Markets Remain Volatile on Friday, Await US Data
15 July 2022
Yesterday brought some relief rally for US and EU Stocks, but the overall theme in the markets remains intact - equities are expected to drop further, while the US dollar will likely remain bid.
Bears pushed the EURUSD pair firmly below parity Thursday as the euro dropped to 0.9960 before erasing those losses. Still, more downward pressure is likely.
China's economy saw a severe contraction in the second quarter, with GDP declining by 2.6% from the prior quarter, as opposed to the prior quarter's revised 1.4% growth. This emphasized the negative effects of widespread COVID lockdowns on activity in the second-largest economy in the world and cast doubt on the progress of the global recovery.
Governor of the Federal Reserve Christopher Waller stated that markets may have anticipated too much when pricing a 100 bps rate increase for July and that a 75 bps increase will get them to neutral. A 75 basis point rate rise in July has a 52 percent possibility, according to CME FedWatch
Additionally, the European Commission stated in the publication of its summer economic projections that it now anticipated inflation to rise to 7.6% in the eurozone, up from 6.1% and 8.3% in the larger bloc this year, before falling to 4.0% in the eurozone and 4.6% in the EU in 2023.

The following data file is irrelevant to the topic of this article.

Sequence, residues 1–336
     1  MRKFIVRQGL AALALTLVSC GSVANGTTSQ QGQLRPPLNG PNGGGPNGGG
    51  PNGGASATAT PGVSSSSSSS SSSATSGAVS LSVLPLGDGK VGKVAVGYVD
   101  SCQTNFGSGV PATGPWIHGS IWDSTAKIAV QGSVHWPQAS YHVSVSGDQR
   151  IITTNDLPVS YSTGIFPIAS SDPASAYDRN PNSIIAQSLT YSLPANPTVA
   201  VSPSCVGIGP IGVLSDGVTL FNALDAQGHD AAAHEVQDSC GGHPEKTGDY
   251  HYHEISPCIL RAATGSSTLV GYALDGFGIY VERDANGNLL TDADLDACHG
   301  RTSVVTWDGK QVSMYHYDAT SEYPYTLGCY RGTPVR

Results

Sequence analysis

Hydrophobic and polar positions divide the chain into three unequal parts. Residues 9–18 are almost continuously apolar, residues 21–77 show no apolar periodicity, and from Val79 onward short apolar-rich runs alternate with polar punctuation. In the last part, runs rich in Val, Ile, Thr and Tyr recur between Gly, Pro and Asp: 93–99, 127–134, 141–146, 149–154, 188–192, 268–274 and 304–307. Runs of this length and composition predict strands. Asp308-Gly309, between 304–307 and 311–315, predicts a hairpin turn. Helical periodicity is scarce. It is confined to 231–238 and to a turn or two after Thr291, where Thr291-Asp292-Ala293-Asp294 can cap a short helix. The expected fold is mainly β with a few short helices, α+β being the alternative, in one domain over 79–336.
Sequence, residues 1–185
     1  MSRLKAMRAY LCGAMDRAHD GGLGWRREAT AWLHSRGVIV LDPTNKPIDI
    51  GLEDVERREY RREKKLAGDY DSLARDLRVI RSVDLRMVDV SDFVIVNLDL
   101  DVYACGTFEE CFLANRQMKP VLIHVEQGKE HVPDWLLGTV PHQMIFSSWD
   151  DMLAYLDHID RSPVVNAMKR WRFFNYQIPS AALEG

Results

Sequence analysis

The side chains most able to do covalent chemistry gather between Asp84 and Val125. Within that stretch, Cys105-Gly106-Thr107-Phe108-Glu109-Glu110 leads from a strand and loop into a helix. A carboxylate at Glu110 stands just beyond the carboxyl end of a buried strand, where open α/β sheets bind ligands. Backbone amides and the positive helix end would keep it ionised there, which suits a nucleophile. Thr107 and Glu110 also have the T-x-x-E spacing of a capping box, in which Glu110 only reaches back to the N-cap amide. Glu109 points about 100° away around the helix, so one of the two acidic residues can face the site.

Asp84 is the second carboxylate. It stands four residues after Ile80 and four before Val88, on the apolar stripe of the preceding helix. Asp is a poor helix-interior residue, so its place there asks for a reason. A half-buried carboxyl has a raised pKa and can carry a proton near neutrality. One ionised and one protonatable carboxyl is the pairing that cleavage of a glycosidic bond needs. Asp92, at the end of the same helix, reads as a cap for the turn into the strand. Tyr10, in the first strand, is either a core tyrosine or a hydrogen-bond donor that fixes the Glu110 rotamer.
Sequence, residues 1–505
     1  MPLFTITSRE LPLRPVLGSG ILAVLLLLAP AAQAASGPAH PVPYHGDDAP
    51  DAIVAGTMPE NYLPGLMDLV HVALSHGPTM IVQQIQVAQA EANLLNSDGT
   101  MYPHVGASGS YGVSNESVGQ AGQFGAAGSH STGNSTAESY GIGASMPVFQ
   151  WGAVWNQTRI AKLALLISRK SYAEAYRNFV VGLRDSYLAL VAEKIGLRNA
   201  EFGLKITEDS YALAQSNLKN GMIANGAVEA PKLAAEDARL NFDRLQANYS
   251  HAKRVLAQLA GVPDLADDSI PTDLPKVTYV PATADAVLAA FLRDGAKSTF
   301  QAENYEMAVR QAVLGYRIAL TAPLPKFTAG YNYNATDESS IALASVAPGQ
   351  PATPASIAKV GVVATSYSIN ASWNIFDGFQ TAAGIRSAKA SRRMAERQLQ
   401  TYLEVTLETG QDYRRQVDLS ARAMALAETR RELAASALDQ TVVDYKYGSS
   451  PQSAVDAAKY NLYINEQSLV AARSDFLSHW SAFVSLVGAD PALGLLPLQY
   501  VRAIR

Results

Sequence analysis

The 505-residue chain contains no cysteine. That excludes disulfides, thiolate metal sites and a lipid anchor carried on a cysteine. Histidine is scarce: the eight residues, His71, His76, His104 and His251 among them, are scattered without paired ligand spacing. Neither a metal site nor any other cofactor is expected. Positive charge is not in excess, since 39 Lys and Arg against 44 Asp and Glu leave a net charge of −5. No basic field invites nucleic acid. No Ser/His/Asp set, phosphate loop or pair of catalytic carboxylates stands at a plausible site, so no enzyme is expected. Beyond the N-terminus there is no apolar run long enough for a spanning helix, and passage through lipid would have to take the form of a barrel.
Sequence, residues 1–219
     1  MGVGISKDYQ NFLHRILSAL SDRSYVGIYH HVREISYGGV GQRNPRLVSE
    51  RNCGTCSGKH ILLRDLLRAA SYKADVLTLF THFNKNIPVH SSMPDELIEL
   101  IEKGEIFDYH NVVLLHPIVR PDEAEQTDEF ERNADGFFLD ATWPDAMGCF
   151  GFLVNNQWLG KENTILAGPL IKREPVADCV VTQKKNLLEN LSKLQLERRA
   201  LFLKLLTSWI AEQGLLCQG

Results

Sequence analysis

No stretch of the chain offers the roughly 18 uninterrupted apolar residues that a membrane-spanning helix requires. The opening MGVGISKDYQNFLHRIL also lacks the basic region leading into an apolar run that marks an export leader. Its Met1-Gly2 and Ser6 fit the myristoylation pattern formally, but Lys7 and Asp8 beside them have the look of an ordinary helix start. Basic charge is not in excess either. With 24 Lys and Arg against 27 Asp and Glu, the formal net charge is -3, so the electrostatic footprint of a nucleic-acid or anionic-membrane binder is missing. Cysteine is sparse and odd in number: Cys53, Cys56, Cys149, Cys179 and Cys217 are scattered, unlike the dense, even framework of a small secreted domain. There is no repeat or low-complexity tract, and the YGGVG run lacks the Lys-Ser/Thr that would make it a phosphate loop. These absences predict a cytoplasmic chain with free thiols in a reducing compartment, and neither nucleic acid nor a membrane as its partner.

Inflation was predicted to reach its peak in 2023 at 3.2% for the EU as a whole and 2.3% in the nations using the single currency. This once again proved how incompetent the policymakers are.
Moreover, the US PPI increased by 11.3% year over year in June, much above the +10.8% forecast.
The monthly change came out at 1.1%, above 0.9% expected. This is the 27th straight month of monthly increases in producer prices.
The core inflation slipped from 8.5% to 8.2% yearly, exceeding the 8.1% expected.
Later today, the most recent retail sales data from the US Census Bureau is due. In contrast to the 0.3% fall seen in May, analysts predict a 0.8% monthly gain in retail sales in June. Moreover, the most recent reading can offer insightful information on consumer confidence in the face of persistently rising inflation.
Last but not least, the preliminary reading of the University of Michigan's Consumer Sentiment Index (MCSI) is due on Friday, expected to improve from 50 to 58.